What about being a superhero? You could do that too, within legal limits, and of course those stretch a bit for police and military roles. Adding extra senses and capabilities is easy if your mind is connected to an entire network of sensors, processors and actuators. Remember, the body you use is just an android so if your superheroing activity gets you killed, it is just a temporary inconvenience. Claim on insurance or expenses and buy a new body for the next performance.

In this future world, you may think it would be hard to juggle mindsets between different bodies, but today’s computer games give us some insight. Many people take on roles every day, as aliens, wizards or any fantasy in their computer gaming. They still achieve sanity in their main life, showing that it is almost certainly possible to safely juggle multiple bodies with their distinct roles and appearances too. The human mind is pretty versatile, and a healthy adult mind is also very robust. With future AI assistance and monitoring it should be even safer. So it ought to be safe to explore and have fun in a world where you can use a different body at will, maybe for an hour or maybe for a lifetime, and even inhabit a few at once.

So, again, what will your next body look like?

The future of time travel: cheat

Time travel comes up frequently in science fiction, and some physicists think it might be theoretically possible, to some degree, within major constraints, at vast expense, between times that are in different universes. Frankly, my physics is rusty and I don’t have any useful contribution to make on how we might do physical time travel, nor on its potential. However, intelligence available to us to figure the full physics out will accelerate dramatically thanks to the artificial intelligence positive feedback loop (smarter machines can build even smarter ones even faster)  and some time later this century we will definitely work out once and for all whether it is doable in real life and how to do it. And we’ll know why we never meet time tourists. If it can be done and done reasonable economically and safely, then it will just be a matter of time to build it after that.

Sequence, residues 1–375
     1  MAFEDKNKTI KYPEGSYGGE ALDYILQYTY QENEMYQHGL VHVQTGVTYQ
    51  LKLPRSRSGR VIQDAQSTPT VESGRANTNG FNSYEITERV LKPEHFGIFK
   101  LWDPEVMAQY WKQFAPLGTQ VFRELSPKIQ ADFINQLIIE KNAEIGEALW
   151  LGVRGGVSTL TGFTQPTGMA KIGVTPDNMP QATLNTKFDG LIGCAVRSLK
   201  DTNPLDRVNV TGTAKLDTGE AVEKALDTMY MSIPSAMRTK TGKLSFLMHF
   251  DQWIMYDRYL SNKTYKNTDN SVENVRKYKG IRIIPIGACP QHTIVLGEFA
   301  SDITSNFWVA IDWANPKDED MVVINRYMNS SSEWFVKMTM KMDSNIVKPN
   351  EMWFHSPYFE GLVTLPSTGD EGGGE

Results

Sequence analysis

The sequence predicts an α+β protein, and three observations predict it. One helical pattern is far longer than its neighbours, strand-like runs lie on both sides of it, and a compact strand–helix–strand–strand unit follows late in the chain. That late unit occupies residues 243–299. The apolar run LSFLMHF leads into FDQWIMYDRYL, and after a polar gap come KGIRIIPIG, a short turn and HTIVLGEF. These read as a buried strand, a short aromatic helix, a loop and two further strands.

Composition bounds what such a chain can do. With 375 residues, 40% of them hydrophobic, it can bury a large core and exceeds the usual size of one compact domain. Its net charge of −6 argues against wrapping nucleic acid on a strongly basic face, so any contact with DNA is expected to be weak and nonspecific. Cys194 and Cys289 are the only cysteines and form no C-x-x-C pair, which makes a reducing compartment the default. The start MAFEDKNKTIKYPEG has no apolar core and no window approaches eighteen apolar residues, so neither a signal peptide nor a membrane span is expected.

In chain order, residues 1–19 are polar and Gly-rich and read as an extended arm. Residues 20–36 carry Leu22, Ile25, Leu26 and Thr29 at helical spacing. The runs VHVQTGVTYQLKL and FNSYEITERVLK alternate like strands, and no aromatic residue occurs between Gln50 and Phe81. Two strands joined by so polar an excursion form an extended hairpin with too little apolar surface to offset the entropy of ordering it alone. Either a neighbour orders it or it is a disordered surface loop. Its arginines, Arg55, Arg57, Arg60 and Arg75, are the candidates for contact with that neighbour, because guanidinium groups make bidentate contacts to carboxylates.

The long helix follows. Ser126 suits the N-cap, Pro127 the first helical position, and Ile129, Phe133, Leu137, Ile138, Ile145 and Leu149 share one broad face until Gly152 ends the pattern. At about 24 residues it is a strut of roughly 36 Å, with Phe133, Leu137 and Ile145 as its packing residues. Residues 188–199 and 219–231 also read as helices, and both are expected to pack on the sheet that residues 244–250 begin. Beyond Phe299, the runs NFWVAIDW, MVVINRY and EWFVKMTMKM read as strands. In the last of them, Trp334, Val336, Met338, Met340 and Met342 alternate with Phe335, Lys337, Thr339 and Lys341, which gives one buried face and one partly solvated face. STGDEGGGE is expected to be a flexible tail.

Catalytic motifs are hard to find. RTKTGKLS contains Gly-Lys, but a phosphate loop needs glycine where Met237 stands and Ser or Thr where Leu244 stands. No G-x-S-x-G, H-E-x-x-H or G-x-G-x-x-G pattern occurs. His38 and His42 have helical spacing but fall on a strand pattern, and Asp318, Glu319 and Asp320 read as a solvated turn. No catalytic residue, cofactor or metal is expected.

Well, stuff that! Not interested in waiting! If the laws of physics make it so hard that it may never happen and certainly not till at least towards the end of this century, even if it is possible, then let’s bypass the laws of physics. Engineers do that all the time. If you are faced with an infinitely tall impenetrable barrier so you can’t go over it or through it, then check whether the barrier is also very wide, because there may well be an easy route past the barrier that doesn’t require you to go that way. I can’t walk over tall buildings, but I still haven’t found one I couldn’t walk past on the street. There is usually a way past barriers.

And with time travel, that turns out to be the case. There is an easy route past. Physics only controls the physical world. Although physics certain governs the technologies we use to create cyberspace, it doesn’t really limit what you can do in cyberspace any more than in a dream, a costume drama, or a memory.

Cyberspace takes many forms, it is’t homogeneous or even continuous. It has many dimensions. It can be quite alien. But in some areas, such as websites, archives are kept and you can look at how a site was in the past. Extend that to social networking and a problem immediately appears. How can you communicate or interact with someone if the site you are on is just an historical snapshot and isn’t live? How could you go back and actually chat to someone or play a game against them?

The solution to this problem is a tricky technological one but it is entirely  possible, and it won’t violate any physics. If you want to go back in time and interact with people as they were, then all you need is to have an archive of those people. Difficult, but possible. In cyberspace.

Around 2050, we should be starting to do direct brain links, at least in the lab and maybe a bit further. Not just connections to the optic nerve or inner ear, or chips to control wheelchairs, we already have that. And we already have basic thought recognition. By 2050 we will be starting to do full links, that allow thoughts to pass both ways between man and machine, so that the machine world is effectively an extension of your brain.

As people’s thoughts, memories and even sensations become more cyberspace based, as they will, the physical body will become less relevant. (Some of my previous blogs have considered the implication of this for immortality). Once stuff is in the IT world, it can be copied, and backed up. That gives us the potential to make recordings of people’s entire lives, and capable of effectively replicating them at will. Today we have web archives that try to do that with web sites so you can access material on older versions of them. Tomorrow we’ll also be able to include people in that. Virtually replicating the buildings and other stuff would be pretty trivial by comparison.